You might think a fat cat is roly-poly cute or blame your dog's extra pounds on the winter holidays, but you're not doing these overweight pets any favor. Obesity contributes to joint pain, diabetes and heart disease in animals, as in humans.

Losing weight can be just as challenging, too. That's why interactive toys are a better gift than pet treats. And don't feed pets any leftover holiday dinner.

"The biggest problem is we're overfeeding our pets, particularly in giving them treats. We express the human-animal bond by giving them food," said veterinarian Dr. William Edkin, of the Hempfield Animal Hospital, Silver Spring.

"Cats and dogs probably spend 20 hours a day lying around or sleeping," he added. "But it's the same as in people -- they have to eat less and exercise more if they're going to lose weight."

Playing with cats is the best form of exercise; many will chase feather and string toys, sparkle balls or laser lights. Even hiding a few treats in a kibble-dispensing toy, or placing some of the cat's dry food in various locations, can make an overweight cat expend energy by playing before eating -- and providing fun in the hunt.

Similar dog toys encourage indoor play, but dogs burn the most calories on daily walks and outdoor activities. "Of course, it depends on the dog's age, health and personality," Edkin said. "You can throw a Frisbee to a bulldog and he'll never go for it.



An estimated 30 to 40 percent of dogs and cats are seriously overweight, and the incidence is increasing. Pets are obese if you cannot feel their ribs and their bellies sag. Pets are too thin if you can see their ribs.

Pet foods are high in calories because fat tastes good. Labels and calorie content are difficult to interpret, so try contacting the manufacturer directly. "Light" might not be diet food.

Many experts recommend prescription diets for obese pets. Owners should gradually switch to a lower-calorie diet, and also control portion size by feeding several smaller, scheduled meals.

Leaving food down all day for any pet is risky, no matter its weight, Edkin said. Monitor how much food different people feed the family pets. Measure out each pet's daily ration and feed only from that container.

When giving dog treats, Edkin suggests bite-size vegetables or fruit, even fat-free pretzel nuggets or single Cheerios. "They have less fat content than a 50- to 100-calorie Milkbone," he said.

Cats have different nutritional needs from dogs and are unlikely to accept low-fat treats. But fat cats might lose weight eating canned food because the increased moisture and fiber provides bulk, and cats are more likely than canines to stop eating when satiated.

Reducing portions too drastically or switching abruptly to weight-loss diets can cause behavior problems in both dogs and cats, such as begging or stealing food. Crash dieting can create additional health problems, especially in obese cats who then develop fatty liver disease.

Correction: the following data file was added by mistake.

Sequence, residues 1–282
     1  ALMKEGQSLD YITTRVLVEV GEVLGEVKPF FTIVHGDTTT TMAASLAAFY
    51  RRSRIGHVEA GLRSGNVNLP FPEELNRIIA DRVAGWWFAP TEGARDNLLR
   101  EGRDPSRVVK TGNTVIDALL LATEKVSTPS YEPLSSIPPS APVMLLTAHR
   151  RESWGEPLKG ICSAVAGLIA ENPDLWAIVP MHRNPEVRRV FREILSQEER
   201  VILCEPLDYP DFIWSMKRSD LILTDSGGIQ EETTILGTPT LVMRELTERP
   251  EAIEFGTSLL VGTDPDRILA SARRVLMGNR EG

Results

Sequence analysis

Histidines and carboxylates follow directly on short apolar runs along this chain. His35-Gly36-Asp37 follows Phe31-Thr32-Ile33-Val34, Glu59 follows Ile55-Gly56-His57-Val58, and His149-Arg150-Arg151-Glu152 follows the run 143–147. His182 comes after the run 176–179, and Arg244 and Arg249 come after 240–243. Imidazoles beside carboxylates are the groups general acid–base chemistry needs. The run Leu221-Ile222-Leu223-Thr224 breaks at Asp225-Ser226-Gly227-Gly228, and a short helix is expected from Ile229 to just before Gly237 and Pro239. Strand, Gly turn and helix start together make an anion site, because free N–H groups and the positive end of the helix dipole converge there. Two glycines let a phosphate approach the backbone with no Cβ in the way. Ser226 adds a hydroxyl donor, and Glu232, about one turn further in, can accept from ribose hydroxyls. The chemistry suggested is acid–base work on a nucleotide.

Obese pets won't lose weight if you overfeed them diet food, Edkin warned. "It must be a long-term plan to cut back on food amounts, increase their exercise and reduce treats."

Stacy DeHoff, of Mount Joy, persevered one and one-half years before Deacon, her English Labrador, lost 20 pounds. She keeps Deacon, now 10, at his 65-pound target weight by giving him two daily walks, continuing to feed a reduced-calorie food, and giving smaller and lower-fat treats.

"He's an eating machine," she said. "He used to get human snacks -- chips, cookies and stuff -- but we made the conscious decision not to kill him with kindness. We have better eating habits ourselves now, too."

Although Deacon had no health problems when he was fat, DeHoff said she "worried about his long-term health. We were concerned about hip and elbow dysplasia. We wanted him to have a better quality, longer life."

"The cats and dogs I see who are healthier in their old age are definitely more their ideal weight," Edkin agreed. "Obesity definitely affects the lifespan of our animals, as it does us."

When Megan Gallagher and her 3-year-old son Atticus adopted a 20-pound, black-and-white cat last April, Mizz Chubbs had already spent months at the Humane League of Lancaster County because of health problems. Instead of her 8-pound ideal weight, "she was a cat of considerable girth," Gallagher said. "She looked like she'd swallowed a bowling ball."

The 6-year-old cat has since lost 3 pounds but "it's been challenging," added Gallagher, the shelter's vice president of development and outreach, who already owned two cats and two dogs. In multi-pet households, putting one on a diet can be hard, which is why experts suggest feeding overweight pets in separate locations.

"She's pretty dedicated to maintaining her own weight," Gallagher joked. "She spends the bulk of her time trying to figure out how to get food," especially from the other cats and dogs. "If she loses 1 to 2 pounds a year, that's a pretty reasonable goal."

Humane League rescue coordinator Crystal McLaughlin, of Lancaster, has adopted several fat cats and says it's important to supervise scheduled meals. Her nine cats are fed at the same time, twice daily, and she watches as they eat.

"The overweight ones, I feed a lower-calorie food on top of a table," to make them exercise, she said. "And I pick up their bowls so they can't just graze."

But she admitted that even she lost track when the 5-pound kitten she adopted grew into an 18-pounder. "It wasn't hard. I was just feeding him regular food," she recalled.

If you think your pet is overweight, consult a veterinarian because treatable ailments such as hypothyroidism or arthritis might be causing the weight gain. Then develop a weight-loss plan to avoid future health issues.

"I've adopted chubby pets before and its not an unsolvable problem," Gallagher concluded.